3. Sometimes we just need to get the yuck out. Your daughter’s been carrying around a lot of negative emotion and she might look for opportunities to release it. Maybe you pour orange juice instead of apple and she has a meltdown on the kitchen floor. Maybe her team loses and she blames herself. Maybe a referee makes a bad call and she goes into a tirade against him. See these emotional meltdowns as a healthy discharge of negative emotion rather than misbehavior. Be there with her. Hold her. Allow her to feel devastated, like the world is unfair. Reflect what you see and hear her saying, “It’s so hard to lose a game when you tried so hard to win.” Do hold your boundaries but do it with kindness, “I won’t let you back in the game until you’ve apologized to your teammate for yelling at her.”
What your child needs is your steady confidence that her life will be good. To know that these emotions are real and valid, but temporary. That you aren’t going anywhere. That her emotions matter to you.
Supermom Kryptonite – Believing the first six years of your child’s life determine their future.
Have you heard these statistics?
“90% of your child’s brain is developed by age 5!”
“A child’s experiences in the early years (positive or negative, nurtured or neglected) have long term impacts on the child’s health, ability to learn and succeed.”
“The amount of quality care, interaction and stimulation they receive in early childhood determines which brain connections develop and last for a lifetime.”
Statements like these turned me into a hyper-vigilant, freaked out, perfectionistic and very stressed out mom who would not take a break! Being with my baby at all times, giving the right amount of nurture and stimulation, saying and doing all the right things, felt like a life or death situation.
I believed my child’s success was in my hands and I sacrificed my mental, emotional and physical health for it.
One of the great byproducts of life coaching for me was realizing how easy it can be to change one’s beliefs, feelings and actions. Discovering how to use life coaching to create a great life, took all the pressure off of ME having to do everything perfectly in order for my kids to be happy and successful.
Nothing is set in stone. Neuroplasticity is amazing and learning how to change your brain in any direction you want is so empowering! If my kid is too perfectionistic or anxious and it’s stressing him out, he can change it anytime he wants! If my kid struggles to learn, but wants to get good grades, she can hire a coach to help make it happen.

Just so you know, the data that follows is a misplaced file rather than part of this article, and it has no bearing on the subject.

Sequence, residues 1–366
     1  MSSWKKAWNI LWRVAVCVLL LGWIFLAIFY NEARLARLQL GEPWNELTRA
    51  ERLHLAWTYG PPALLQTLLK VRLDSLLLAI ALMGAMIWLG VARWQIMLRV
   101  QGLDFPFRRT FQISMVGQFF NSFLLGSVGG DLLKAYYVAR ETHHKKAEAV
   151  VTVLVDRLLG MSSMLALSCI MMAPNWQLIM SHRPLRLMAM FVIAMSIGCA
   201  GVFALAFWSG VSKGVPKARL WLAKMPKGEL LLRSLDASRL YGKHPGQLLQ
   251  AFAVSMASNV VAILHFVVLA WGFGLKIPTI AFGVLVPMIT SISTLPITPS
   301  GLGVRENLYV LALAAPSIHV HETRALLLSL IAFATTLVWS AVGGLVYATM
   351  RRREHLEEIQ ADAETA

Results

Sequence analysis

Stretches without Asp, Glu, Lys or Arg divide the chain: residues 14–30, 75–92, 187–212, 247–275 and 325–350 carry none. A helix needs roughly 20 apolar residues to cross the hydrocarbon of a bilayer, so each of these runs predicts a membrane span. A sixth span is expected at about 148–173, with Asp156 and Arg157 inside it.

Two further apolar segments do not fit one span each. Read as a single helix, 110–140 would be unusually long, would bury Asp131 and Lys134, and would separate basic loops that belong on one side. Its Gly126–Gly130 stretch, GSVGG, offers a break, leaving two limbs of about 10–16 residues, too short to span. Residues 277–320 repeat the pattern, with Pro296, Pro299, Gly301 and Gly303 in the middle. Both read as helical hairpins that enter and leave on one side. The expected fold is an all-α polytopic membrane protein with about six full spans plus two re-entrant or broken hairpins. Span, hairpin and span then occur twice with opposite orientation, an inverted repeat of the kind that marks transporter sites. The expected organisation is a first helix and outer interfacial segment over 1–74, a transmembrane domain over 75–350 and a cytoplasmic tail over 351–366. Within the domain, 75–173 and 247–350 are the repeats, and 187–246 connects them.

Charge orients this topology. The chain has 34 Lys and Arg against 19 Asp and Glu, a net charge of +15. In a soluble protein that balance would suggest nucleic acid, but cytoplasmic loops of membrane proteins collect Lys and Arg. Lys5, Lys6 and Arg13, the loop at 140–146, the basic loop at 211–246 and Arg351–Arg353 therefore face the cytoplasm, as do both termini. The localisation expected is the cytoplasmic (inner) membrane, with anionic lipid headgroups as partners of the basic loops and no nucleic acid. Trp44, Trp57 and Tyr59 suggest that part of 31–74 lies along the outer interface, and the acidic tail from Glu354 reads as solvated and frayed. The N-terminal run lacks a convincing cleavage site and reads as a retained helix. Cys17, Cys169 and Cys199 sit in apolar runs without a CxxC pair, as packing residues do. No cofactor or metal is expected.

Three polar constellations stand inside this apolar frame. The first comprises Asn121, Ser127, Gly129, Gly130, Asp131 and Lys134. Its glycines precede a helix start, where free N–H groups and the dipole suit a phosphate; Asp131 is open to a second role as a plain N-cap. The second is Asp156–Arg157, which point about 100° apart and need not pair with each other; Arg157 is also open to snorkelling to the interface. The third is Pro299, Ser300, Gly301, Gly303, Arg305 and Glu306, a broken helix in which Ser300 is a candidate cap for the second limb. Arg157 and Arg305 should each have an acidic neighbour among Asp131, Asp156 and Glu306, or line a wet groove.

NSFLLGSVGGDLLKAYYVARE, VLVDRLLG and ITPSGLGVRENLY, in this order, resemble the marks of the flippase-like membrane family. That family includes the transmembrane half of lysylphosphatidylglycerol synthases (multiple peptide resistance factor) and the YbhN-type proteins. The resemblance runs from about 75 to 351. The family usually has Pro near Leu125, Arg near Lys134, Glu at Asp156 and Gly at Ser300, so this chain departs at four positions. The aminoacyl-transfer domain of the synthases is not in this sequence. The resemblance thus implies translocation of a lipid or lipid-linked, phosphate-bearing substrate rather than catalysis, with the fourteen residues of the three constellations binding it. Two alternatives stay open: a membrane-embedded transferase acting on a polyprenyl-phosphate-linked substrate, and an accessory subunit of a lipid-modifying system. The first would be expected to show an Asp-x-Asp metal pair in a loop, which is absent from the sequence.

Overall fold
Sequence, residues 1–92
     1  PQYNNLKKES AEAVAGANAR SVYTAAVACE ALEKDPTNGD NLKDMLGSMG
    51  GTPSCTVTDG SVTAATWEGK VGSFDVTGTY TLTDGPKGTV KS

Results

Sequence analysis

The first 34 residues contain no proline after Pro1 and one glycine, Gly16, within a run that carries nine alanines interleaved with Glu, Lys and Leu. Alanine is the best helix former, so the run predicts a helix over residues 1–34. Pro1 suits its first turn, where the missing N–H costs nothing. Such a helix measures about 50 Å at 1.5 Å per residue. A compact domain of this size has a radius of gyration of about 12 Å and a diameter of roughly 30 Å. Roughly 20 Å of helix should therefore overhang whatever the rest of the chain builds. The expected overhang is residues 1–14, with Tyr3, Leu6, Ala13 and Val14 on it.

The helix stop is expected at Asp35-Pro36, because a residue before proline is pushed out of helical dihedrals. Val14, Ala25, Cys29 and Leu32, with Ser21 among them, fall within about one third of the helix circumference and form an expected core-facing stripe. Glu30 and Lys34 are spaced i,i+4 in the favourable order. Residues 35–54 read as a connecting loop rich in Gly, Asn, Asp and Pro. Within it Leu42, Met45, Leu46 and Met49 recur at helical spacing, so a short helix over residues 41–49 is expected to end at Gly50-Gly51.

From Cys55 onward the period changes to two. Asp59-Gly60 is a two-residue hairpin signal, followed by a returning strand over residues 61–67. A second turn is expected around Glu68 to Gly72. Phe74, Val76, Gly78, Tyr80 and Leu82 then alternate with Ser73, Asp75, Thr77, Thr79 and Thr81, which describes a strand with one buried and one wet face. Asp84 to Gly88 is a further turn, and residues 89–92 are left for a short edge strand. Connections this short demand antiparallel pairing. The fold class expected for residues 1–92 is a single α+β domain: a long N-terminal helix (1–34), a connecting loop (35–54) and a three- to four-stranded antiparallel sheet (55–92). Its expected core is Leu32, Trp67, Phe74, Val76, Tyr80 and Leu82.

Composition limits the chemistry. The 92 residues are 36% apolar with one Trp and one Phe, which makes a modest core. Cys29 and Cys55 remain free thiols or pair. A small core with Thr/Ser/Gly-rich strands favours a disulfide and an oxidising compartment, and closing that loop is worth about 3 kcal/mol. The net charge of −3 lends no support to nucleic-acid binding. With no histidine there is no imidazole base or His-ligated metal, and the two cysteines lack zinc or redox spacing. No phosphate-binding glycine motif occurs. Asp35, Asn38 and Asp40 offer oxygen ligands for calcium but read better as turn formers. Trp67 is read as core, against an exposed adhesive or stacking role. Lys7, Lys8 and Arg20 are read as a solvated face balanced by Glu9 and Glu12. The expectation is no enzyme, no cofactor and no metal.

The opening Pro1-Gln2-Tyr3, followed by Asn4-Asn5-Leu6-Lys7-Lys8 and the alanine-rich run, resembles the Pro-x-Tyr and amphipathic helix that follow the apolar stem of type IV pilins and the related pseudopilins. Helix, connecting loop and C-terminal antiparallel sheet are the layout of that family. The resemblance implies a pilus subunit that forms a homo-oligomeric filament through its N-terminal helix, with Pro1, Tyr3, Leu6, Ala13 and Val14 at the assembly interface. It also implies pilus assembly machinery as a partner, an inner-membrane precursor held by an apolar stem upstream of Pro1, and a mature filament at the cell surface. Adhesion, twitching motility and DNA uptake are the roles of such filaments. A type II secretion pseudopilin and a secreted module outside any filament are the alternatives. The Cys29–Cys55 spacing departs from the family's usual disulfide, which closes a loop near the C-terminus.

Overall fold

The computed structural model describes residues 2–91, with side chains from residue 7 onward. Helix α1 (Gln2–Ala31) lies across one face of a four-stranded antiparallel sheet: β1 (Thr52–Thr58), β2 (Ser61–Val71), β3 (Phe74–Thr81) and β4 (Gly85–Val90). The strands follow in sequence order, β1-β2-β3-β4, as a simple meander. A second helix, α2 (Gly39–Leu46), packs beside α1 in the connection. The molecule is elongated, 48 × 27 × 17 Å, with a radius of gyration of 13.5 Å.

The tools of life coaching are amazingly powerful. When we start making important and helpful changes in our own lives, it gives us the confidence to see how our children can do the same.
Believing that your kids brains are locked in by age 6 is today’s Supermom Kryptonite.
Supermom Power Boost – Get your kids on the same team
When your child is competitive with their sibling, try to find opportunities to get them on the same team by making yourself the loser.
“You BOTH beat me to the car! I lose and you WON? Oh, MAN!”
“Let’s play the silent game. Who can be quietest the longest? Oh shoot, I just TALKED!”
Lay down on the floor to wrestle with them both. Only let them pin you if they are working together. Then say, “Oh, no! You pinned me to the ground! Together you are too strong for me.”
Another way to cope with sibling jealousy is to be mindful of balancing your attention.
Older children constantly hear us say, “I’ve got to get the baby.” We stop playing to pick up the baby. We ask our kids to hurry up so we can tend to the baby.
Make sure your daughter overhears you saying to the baby, “I’m sorry baby, you’ll have to wait, your sister and I are playing now.” or “I’ll get you in a minute baby, I need 5 more hugs from your sister first.”
Quote of the Day:
“The sign of great parenting is not the child’s behavior. The sign of truly great parenting is the parents behavior.” Andy Smithson